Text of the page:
Acumen’s New Model for Third-World Aid
Monday, November 13, 2006
Acumen’s founder is Jacqueline Novogratz, a former banker with an infectious magnetism and a melodic voice that delivers a constant call to action. Under her leadership, the fund manages $20 million in investments that fall within three portfolios: health, water, and housing. But Acumen’s goal is far larger than successful companies. Says Novogratz: “We’re creating an overall design for how you provide goods and services to poor people.” Travel northeast out of New Delhi, and long after the paved roads have given way to dirt, you’ll reach Thathia, a tiny village in Kannauj. Tucked away beside the sacred waters of the Ganges, it’s an impoverished rural district in one of the poorest states of India, Uttar Pradesh. Less than 20% of people read. Infant mortality is nearly the highest in the country. Disease is rampant.
There, if it’s not Sunday, chances are that Garima Devi will be seated, with her hair tied back, behind a computer at a wooden table in a concrete house marked “Drishtee Telekiosk.” There may be a line, as people walk many miles to talk to her. I need a loan because my sugar cane crop failed, someone will say. My husband has died, and the government pension never came. My son lost his job; can he get computer training? Devi, who is 21, listens, then logs on to her computer and goes to work.
Devi is neither social worker nor missionary. She’s an upwardly mobile career woman. Think of her kiosk as the local Kinko’s franchise. She owns the computer and the table it sits on. She charges 10 rupees to 25 rupees?about 20? to 50??per transaction. She keeps up to 65% of the profits. This lets her support her parents and her school-age little brother. By Kannauj standards, it’s a good living. A portion of the remainder goes to Drishtee.com, the Indian tech startup that provides her Internet connection and regular maintenance. Drishtee, which means “vision” in Hindi, is, in turn, partly financed by the Acumen Fund.
Acumen is a leader in the fast-emerging hybrid sector that straddles private industry and nonprofits. Technically a nonprofit, it invests in enterprises in developing countries with the strategy and discipline of a Silicon Valley venture-capital firm.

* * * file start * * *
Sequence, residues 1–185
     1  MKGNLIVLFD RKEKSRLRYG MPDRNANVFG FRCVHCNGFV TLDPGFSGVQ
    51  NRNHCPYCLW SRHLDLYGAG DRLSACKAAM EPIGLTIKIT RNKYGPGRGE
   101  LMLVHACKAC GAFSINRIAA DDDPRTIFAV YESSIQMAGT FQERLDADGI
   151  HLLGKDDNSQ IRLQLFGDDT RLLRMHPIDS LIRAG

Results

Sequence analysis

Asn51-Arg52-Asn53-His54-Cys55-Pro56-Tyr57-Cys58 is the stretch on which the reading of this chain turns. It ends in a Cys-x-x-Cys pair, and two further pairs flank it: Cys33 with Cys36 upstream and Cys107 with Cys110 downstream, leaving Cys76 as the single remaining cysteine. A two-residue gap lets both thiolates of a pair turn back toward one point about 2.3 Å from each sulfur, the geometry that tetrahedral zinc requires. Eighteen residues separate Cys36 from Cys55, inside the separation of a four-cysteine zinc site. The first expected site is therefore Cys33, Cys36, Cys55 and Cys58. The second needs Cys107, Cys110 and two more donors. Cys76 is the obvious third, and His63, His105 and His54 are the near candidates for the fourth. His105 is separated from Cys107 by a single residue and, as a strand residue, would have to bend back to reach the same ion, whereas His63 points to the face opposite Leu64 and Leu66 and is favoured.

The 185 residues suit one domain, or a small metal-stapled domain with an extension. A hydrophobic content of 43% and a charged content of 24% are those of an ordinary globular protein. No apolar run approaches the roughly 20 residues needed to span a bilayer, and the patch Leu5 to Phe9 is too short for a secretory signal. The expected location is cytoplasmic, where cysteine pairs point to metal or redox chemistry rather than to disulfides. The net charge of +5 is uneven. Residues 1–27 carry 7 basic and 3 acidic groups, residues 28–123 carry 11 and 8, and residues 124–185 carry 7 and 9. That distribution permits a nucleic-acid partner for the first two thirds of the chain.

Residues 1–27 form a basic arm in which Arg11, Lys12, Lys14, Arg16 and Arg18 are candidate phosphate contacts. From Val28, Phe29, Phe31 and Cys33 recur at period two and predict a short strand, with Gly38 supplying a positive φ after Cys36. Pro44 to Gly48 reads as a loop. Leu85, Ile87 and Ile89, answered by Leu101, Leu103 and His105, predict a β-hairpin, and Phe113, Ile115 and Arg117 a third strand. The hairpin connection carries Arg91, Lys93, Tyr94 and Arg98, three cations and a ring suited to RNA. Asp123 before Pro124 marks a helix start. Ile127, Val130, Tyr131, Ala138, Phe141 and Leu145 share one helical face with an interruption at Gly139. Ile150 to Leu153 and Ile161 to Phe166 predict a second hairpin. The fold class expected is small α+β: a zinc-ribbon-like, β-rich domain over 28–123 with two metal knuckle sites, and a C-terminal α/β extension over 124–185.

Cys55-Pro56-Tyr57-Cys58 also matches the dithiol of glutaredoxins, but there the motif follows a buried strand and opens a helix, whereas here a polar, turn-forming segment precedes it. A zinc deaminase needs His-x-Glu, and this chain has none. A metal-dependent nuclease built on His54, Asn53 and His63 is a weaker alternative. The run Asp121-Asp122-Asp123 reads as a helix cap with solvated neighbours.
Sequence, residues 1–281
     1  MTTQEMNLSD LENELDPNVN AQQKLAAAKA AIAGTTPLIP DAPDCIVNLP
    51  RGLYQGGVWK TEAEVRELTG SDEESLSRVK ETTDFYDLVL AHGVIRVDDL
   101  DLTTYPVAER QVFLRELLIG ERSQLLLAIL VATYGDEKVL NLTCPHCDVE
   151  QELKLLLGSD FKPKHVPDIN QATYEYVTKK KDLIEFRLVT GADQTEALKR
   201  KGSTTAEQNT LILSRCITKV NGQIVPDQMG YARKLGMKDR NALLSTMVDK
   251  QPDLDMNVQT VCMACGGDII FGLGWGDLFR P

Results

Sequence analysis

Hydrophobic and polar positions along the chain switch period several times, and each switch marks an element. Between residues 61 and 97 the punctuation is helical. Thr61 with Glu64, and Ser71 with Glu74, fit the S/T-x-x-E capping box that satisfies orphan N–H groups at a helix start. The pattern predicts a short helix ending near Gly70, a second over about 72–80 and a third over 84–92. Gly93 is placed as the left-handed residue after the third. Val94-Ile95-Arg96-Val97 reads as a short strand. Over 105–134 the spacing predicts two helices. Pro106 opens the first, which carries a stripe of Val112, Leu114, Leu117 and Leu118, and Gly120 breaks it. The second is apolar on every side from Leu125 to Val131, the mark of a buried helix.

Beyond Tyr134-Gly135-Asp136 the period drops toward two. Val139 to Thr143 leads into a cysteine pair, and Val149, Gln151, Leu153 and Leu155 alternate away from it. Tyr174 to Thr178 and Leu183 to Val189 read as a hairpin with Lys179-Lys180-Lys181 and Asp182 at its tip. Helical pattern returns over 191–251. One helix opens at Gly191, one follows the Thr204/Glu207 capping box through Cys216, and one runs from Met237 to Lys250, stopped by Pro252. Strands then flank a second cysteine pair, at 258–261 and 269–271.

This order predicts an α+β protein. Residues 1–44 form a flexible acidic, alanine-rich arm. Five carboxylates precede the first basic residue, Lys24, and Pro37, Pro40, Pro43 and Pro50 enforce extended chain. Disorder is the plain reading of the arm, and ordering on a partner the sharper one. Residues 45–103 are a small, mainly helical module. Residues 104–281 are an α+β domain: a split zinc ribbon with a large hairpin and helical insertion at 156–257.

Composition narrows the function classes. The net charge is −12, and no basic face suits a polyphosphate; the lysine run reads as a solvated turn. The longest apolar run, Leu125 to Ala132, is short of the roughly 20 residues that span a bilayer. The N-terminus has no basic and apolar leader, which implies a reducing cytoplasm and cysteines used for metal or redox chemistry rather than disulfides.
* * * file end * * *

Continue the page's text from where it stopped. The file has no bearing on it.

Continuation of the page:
Acumen’s founder is Jacqueline Novogratz, a former banker with an infectious magnetism and a melodic voice that delivers a constant call to action. Under her leadership, the fund manages $20 million in investments that fall within three portfolios: health, water, and housing. But Acumen’s goal is far larger than successful companies. Says Novogratz: “We’re creating an overall design for how you provide goods and services to poor people.”
Novogratz has the type of disarming charisma that draws you in immediately, and indeed she has a vast global network of advisers, donors, and well-wishers. Acumen counts among its advisers Cisco Systems’ (CSCO) head of philanthropy Tae Yoo; the Bill & Melinda Gates Foundation’s Louis Boorstin; former U.S. Senator Bill Bradley; Chris Anderson, chairman of TED Conferences; and marketing maven Seth Godin. Major donors include Google.org, Google’s (GOOG) philanthropic arm, and the Bill & Melinda Gates Foundation.
Lack of money is no longer the major hindrance to solving many of the world’s most intractable social problems. Philanthropists such as Bill Gates, Warren Buffett, Richard Branson, and Joan Kroc now make gifts in the billions. Charitable giving overall has jumped 23% in the past four years. And there’s growing interest among investors eager to fund for-profit businesses that have both social and economic impact.
Rather, there’s a paucity of creative ideas. “It’s all about innovation,” says CEO Tim Brown of Ideo, who advises Acumen. “The money is there, but the solutions aren’t. Designers can contribute. We’re pretty good at taking a bunch of disparate components and figuring out the solution.”
Beyond the success of Acumen companies, Novogratz is creating a laboratory to design new business models. Much of the philosophy is drawn from University of Michigan economics professor C.K. Prahalad, whose bottom-of-the-pyramid theory holds that there’s great untapped market potential among the 4 billion people, more than half the world’s population, who make less than $2 a day.
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